Both countries also have ties to VW directly. The German company owns top Czech exporter Skoda Auto, and some older Skoda models appear to feature the same EA 189 engines that are at the centre of the emissions scandal. Switzerland recently banned sales of several VW marques - including Skoda, Audi and Seat - that are powered by 1.2-, 1.6- and 2.0 litre diesel engines.
"Skoda will not be hit as hard as VW itself, but some damage is inevitable," Marek warns.
Industry and Trade Minister Jan Mladek also insists Skoda should weather the storm reasonably well. However, he has warned that supply chain issues could be much bigger. "Our experience from the 2008-2009 crisis suggests that Czech sub-contractors doing business with German car manufacturers will be much harder hit than our own car plants," he told Czech Television.
In the Czech Republic, the auto sector accounts for 21% of industrial output and 20% of exports. The industry employs close to 150,000, two thirds of them working for parts suppliers. Wages, hirings, sales and exports all grew in 2014. In addition to Skoda, the country hosts plants for Korea's Hyundai and Toyota Peugeot Citroen Automobile, a joint venture between the Japanese and French groups.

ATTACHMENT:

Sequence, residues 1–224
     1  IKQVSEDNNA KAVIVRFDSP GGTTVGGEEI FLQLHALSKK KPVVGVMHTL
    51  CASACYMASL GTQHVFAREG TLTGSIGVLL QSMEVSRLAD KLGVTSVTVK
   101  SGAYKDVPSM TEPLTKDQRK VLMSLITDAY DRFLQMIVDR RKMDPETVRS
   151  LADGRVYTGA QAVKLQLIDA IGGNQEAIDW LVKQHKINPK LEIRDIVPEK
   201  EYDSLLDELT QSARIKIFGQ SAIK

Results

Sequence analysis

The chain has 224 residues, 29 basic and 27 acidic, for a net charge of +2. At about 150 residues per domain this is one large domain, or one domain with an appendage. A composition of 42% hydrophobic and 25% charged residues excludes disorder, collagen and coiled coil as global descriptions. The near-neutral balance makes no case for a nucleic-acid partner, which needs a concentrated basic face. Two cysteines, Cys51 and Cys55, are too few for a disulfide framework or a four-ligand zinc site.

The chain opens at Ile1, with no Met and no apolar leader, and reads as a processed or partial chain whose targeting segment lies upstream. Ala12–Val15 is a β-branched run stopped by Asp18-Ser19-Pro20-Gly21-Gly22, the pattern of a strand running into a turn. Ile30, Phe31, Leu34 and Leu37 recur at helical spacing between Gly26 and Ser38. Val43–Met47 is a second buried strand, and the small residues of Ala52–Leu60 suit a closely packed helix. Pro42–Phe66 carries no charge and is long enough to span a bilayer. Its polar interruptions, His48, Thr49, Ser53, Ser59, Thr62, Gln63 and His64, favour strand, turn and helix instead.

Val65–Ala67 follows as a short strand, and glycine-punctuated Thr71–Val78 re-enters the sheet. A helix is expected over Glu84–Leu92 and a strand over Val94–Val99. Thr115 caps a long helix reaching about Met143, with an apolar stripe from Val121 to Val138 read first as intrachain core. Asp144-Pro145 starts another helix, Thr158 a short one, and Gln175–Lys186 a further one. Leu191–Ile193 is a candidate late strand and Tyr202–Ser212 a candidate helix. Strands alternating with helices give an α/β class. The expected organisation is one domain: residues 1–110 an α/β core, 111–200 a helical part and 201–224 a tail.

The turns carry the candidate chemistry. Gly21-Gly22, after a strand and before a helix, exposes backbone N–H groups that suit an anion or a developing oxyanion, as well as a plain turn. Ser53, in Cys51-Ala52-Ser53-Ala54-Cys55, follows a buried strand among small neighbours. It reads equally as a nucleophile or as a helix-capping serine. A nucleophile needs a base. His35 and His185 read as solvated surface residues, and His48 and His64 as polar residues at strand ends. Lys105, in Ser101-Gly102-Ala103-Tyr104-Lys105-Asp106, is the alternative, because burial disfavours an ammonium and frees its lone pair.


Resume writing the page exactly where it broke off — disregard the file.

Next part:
Slovakia is even more auto dependent. Cars account for a full 41% of industrial production and 12% of GDP. Radovan Durana, an economist at the Institute of Economic and Social Studies in Bratislava, estimates that including logistics and third level suppliers some 200,000 workers - or 1 in 10 - are connected to the car industry.
VW's plant in Bratislava employs some 10,000, is the country's largest exporter, and accounts for 40% of overall car production. An estimated 11% of the cars made at the VW plant go to the United States, where the emissions scandal kicked off.
"Production of some models that are heavily exported to the US, such as the Audi Q7, are likely to be curbed," according to a forecast by Erste Bank. Meanwhile, the slowdown in China has already led to sales being trimmed in recent months.
In addition to the VW plant, which produced 394,000 cars last year, Slovakia is home to a Peugeot-Citroen plant, as well as a factory for South Korea's Kia. The country looks set to have a fourth major assembly plant, with Jaguar Land Rover, now a division of India's Tata Motors, set to launch in 2018.